Even so, it’s been clear from all the leaks, sanctioned testing, and industry scuttlebutt that Core 2 is fast. But does it really perform in a wider array of applications than has been previously leaked or revealed? We’ll answer that question shortly.

Today, Intel finally reveals the details of their Core 2 CPUs, allowing us to present our full independent analysis. We obtained a pair of Core 2 CPUs from Intel: the Core 2 Duo E6700, which runs at 2.66GHz and will cost approximately $530, and the Core 2 Extreme X6800, which clocks at 2.93GHz and is priced at $999. (These are prices for quantities of 1,000.)

Core 2 owes much of its heritage to the Intel’s mobile Pentium M processor line. The first iteration of that architecture, known as Banias, was the creation of Intel’s Israeli design team. But Core 2 isn’t just another iteration of the Pentium M. Instead, it steals a little from the old NetBurst architecture and adds enhancements of its own.

The net result is a processor with a substantially shorter instruction pipeline than NetBurst (Intel’s name for the architecture of the Pentium 4 and Pentium D processors.) In Core 2, substantially more instructions are executed per clock cycle, so even though Core 2 processors run at a lower clock frequency than previous Intel desktop lines, they run applications faster. Core 2 is also more power efficient: Intel’s goals for the mainstream CPU is to maintain 65W, versus the 90W to 95W of the mainstream Pentium Ds or the 130W of the high-end Pentium D 940 or Extreme Edition CPUs.

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Indian-born scientist developing coated DVD’s for 50 terabytes (50000GB)

Posted by Parth Barot on July 13, 2006

Sydney, Jul 8 (ANI): An Indian born scientist in the US is working on developing DVD’s which can be coated with a light -sensitive protein and can store up to 50 terabytes (about 50,000 gigabytes) of data.

Professor V Renugopalakrishnan of the Harvard Medical School in Boston has claimed to have developed a layer of protein made from tiny genetically altered microbe proteins which could store enough data to make computer hard disks almost obsolete.

“What this will do eventually is eliminate the need for hard drive memory completely,” ABC quoted Prof. Renugopalakrishnan, a BSc in Chemistry from Madras University and PhD in biophysics from Columbia/State University of New York, Buffalo, New York as saying.

The light-activated protein is found in the membrane of a salt marsh microbe Halobacterium salinarum and is also known as bacteriorhodopsin (bR). It captures and stores sunlight to convert it to chemical energy. When light shines on bR, it is converted to a series of intermediate molecules each with a unique shape and colour before returning to its ‘ground state’.

Since the intermediates generally only last for hours or days, Prof Renugopalakrishnan and his colleagues modified the DNA that produces bR protein to produce an intermediate that lasts for more than several years. They also engineered the bR protein to make its intermediates more stable at the high temperatures generated by storing terabytes of data.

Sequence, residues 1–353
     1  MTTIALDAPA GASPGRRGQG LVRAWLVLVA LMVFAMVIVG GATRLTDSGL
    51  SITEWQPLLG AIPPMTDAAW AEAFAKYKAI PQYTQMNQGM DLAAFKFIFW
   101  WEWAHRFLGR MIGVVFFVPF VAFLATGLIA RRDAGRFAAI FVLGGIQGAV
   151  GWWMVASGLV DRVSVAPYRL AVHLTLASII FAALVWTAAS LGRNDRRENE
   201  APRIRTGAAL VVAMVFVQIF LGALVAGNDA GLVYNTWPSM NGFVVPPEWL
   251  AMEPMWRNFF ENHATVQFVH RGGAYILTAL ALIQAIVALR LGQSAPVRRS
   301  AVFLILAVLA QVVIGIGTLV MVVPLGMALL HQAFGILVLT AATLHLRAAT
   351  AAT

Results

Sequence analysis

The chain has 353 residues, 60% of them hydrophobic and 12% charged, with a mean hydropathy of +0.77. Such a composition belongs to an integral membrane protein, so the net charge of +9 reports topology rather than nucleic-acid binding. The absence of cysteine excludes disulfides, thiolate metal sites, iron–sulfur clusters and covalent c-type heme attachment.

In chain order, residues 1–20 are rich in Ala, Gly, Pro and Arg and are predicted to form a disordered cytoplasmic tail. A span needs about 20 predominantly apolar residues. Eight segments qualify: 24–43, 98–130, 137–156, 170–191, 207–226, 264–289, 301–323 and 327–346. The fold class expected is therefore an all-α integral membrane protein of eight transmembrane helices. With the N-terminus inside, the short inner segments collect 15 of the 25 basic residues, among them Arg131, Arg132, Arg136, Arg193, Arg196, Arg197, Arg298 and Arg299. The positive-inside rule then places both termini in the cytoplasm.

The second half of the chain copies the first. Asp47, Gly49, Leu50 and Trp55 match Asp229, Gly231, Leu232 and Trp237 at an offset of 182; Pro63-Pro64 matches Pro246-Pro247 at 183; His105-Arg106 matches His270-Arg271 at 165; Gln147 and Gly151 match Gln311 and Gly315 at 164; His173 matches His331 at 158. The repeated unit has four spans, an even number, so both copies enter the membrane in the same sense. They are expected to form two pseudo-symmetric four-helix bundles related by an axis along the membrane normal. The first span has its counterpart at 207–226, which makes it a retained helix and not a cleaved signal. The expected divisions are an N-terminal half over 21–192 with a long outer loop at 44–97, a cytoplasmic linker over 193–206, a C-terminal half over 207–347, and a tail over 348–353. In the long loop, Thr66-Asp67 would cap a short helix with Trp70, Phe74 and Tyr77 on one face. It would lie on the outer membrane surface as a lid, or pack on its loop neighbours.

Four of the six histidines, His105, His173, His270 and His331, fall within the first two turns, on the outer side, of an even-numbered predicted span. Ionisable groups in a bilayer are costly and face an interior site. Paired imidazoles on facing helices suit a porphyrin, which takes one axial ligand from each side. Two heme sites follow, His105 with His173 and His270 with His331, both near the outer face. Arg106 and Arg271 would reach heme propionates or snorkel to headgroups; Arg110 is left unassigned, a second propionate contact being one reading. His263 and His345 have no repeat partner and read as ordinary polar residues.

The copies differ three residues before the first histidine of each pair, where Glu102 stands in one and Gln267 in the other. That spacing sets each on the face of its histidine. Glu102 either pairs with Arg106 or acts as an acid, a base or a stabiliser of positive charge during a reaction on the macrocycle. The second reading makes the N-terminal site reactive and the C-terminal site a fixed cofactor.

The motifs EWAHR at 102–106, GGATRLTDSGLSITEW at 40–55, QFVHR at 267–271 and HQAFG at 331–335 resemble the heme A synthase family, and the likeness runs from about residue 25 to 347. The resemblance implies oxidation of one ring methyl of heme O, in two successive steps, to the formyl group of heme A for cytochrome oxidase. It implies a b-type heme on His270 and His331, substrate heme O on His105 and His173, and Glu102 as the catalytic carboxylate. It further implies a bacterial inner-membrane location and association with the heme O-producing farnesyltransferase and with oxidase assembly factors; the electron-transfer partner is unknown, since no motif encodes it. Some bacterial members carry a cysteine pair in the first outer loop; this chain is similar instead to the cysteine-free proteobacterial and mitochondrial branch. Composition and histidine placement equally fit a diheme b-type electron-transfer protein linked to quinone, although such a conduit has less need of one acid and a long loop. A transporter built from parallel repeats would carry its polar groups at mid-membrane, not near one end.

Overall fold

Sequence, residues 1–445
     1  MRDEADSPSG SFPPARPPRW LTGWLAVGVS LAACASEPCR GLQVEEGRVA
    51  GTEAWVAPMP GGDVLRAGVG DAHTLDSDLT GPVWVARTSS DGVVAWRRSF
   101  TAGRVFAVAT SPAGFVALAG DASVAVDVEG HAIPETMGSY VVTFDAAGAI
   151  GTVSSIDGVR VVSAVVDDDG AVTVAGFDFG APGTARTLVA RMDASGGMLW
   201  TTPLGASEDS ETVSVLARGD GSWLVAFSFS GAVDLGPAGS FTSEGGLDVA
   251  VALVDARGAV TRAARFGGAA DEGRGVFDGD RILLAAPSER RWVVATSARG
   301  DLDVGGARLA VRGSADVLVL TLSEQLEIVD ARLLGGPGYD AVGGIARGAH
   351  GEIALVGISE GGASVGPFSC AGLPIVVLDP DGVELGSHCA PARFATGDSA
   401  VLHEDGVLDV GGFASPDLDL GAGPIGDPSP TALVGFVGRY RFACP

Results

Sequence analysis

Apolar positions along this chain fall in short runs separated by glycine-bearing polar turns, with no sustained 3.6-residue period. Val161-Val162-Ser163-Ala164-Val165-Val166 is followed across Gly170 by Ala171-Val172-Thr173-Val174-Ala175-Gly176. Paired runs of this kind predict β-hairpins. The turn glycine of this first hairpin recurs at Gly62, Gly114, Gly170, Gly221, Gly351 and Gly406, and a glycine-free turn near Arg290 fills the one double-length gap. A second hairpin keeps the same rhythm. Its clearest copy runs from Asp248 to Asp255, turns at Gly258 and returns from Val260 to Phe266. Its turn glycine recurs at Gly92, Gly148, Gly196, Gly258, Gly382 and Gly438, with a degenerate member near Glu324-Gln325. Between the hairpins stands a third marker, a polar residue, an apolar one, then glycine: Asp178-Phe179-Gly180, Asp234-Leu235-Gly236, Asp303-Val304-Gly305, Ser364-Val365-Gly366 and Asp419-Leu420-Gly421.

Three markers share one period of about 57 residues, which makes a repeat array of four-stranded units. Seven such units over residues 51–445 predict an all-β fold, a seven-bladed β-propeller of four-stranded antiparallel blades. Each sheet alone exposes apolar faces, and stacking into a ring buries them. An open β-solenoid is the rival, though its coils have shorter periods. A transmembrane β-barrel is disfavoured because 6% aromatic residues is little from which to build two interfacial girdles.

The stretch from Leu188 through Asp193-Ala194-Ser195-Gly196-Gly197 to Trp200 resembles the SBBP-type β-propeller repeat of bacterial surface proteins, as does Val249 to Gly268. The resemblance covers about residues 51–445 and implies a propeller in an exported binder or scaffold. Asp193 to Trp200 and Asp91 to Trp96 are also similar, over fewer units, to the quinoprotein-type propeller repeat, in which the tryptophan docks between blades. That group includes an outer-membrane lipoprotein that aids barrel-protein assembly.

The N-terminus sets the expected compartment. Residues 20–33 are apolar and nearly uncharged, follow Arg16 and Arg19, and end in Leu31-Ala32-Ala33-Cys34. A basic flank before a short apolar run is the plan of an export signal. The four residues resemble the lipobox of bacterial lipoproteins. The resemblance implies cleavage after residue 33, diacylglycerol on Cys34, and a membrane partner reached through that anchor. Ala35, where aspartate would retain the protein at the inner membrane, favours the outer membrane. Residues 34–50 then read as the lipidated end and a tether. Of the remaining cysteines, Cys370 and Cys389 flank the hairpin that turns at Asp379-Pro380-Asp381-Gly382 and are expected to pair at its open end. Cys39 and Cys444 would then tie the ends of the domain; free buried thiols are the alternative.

This, they said, ultimately paved the way for a binary system to store data.

Full story @

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MSI NX7600GT-VT2D256E Geforce 7600GT Videocard Review

Posted by Parth Barot on July 12, 2006

The GeForce 7600GT GPU holds a lot of promise but it also has a lot to prove considering how successful its predecessor was.

ATi and nVIDIA videocards of the same generation are pretty much evenly matched, but when it comes to extra features…. nVIDIA gets top honours. The high performance and popularity of the nForce chipsets and the ability to run dual videocards in SLI have given nVidia a big leg up over ATi and its offerings like Crossfire (which has yet to show its face in the PCSTATS labs).

Advances in videocard technology come like there’s no tomorrow, and any GPU that lasts more than eight months is almost unheard of. The GeForce 6600GT has, and was able to reach this feat due to attractive value and performance qualities. In fact from the time the GeForce 6600GT was first introduced, no less than three generations of high end nVIDIA GPUs have passed by.

The GeForce 6600GT is a great GPU, but its age is starting to show. Hence, the new nVidia GeForce 7600GT is hitting the streets. The GeForce 7600GT GPU holds a lot of promise but it also has a lot to prove considering how successful its predecessor was. Will nVIDIA have another blockbuster here, or will the GeForce 7600GT fizzle and burn out? These are the questions we’re wondering, and it will take more than one review to fully answer either of them.

At first glance the MSI Computer NX7600GT-VT2D256E PCI Express videocard is pretty impressive compared to GeForce 6600GT class models. The frame buffer has been increased to 256MB over the original GeForce 6600GT spec of 128MB. While nVIDIA did also release a 256MB version of the 6600GT, this time around the videocard can take advantage of the memory. The MSI NX7600GT-VT2D256E videocard also supports two dual link DVI output connectors as well as a whole host of TV output options; everything from component output to traditional S-Video is rolled in.

The Geforce 7600GT series is SLI compatible (note the SLI bridge connector on the top of the videocard), so if you have two and a compatible motherboard you can double up your graphics processing for a little extra speed in the games.

Full Story @ PCStats

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Copy protection hole in Blu-ray and HD DVD movies

Posted by Parth Barot on July 12, 2006